I tried to make the comments self explanatory, but please ask a question if you don't understand something. (Please use this code as a guideline only. I'm not trying to do your homework for you :)
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I appreciate it. I don't quite understand lines 17-22. Especially line 17 where it says if num < min then assign that number to min. Was min assigned the value of -1 when it was given a SENTINEL value in the declarations?
@Mathhead: Try not to give solutions; just give hints that will help the OP get to the solution themselves.

@Lkafilta: Yes, however in the if statement he checks to if that is true OR if it is equal to SENTINEL (i.e. it hasn't been assigned yet.
Yes, min and max start at -1 but that gets overriden to what ever the first value entered is.
 ``12`` ``````if( num == SENTINEL ) //meens if this is the first run ``````

However think about how you would find a minimum...
If I said "tell me the lowest number, the numbers are: 5, 2, 10".
What do you do?
Well I say "ok 5" that's the lowest so far... `min = num; // num is 5 `
Then move to the next number, Wait! 2 is less then 5... `if( num < min ) //it is (true) `
so now the lowest so far is 2... `min = num //num is 2 `
Then keep moving. 10 is not less then 2, so do nothing to the current min and forget 10.
Finally try to keep moving, but we are out of numbers so 2 is the lowest.

This is know as the "high water mark algorithum" http://en.wikipedia.org/wiki/Ordinary_high_water_mark (or I guess low water mark in this case.)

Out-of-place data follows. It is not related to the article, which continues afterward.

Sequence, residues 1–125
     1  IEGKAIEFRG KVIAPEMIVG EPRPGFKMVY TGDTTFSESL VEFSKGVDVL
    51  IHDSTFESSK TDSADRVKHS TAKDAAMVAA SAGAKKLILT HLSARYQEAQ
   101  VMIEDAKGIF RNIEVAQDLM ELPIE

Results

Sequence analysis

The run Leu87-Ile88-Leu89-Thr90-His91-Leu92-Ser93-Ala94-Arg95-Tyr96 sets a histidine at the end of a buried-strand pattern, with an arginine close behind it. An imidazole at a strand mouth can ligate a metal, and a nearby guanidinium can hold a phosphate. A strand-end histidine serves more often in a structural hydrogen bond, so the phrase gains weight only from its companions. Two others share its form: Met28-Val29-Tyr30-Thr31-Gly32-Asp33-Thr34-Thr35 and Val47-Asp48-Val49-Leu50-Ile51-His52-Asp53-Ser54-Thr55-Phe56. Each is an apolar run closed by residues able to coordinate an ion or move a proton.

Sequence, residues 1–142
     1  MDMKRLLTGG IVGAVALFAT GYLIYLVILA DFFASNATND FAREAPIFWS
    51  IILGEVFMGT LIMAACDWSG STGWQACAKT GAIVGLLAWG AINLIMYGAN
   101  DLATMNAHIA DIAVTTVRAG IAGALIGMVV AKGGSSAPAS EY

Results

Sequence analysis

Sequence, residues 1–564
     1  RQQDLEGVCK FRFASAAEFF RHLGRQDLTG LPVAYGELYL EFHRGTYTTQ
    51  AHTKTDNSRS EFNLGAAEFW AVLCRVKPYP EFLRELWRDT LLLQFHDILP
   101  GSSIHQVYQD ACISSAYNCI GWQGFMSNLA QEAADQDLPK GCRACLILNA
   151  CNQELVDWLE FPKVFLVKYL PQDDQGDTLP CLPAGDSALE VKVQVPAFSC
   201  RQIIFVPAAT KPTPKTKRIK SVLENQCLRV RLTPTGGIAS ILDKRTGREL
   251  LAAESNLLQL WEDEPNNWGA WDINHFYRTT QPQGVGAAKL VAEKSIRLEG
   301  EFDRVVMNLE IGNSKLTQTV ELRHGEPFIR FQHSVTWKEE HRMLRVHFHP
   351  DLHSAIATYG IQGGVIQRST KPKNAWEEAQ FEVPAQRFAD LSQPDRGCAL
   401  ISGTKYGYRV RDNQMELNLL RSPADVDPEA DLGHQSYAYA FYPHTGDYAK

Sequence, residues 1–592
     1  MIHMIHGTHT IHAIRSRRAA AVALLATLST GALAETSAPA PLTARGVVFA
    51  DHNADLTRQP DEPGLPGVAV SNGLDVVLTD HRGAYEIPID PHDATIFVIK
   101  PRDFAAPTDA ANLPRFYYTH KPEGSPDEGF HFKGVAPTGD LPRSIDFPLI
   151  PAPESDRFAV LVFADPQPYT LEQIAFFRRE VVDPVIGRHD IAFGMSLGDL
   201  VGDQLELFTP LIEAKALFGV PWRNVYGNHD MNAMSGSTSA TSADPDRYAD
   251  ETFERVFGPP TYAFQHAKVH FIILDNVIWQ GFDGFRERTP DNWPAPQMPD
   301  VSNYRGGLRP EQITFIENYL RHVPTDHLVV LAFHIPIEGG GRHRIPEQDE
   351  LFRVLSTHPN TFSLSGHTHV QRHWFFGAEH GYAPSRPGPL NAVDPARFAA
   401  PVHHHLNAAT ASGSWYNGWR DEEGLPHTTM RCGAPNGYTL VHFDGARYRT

(The maximum works the same way, but check to see if num is greater then the current max)
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you are a genius, thanks for helping me understand
Well I don't know about that Lkafilta, but your very welcome. Let me know if you have any more questions.

firedraco
 @Mathhead: Try not to give solutions; just give hints that will help the OP get to the solution themselves.

I understand firedraco, but hey... I put my disclaimer :)
 I understand firedraco, but hey... I put my disclaimer :)

Yes, however I'd rather not have people being able to get an answer to their homework without trying...and besides, if they are able to solve it themselves it helps them feel better about it than just looking at the solution and thinking "Ok, so that's how it works".
I don't give answers to people who don't try. Look at Lkafilta's post right before mine. They almost had it... I just wanted to show the same thing in a cleaner (and clearer) way...
I agree with you!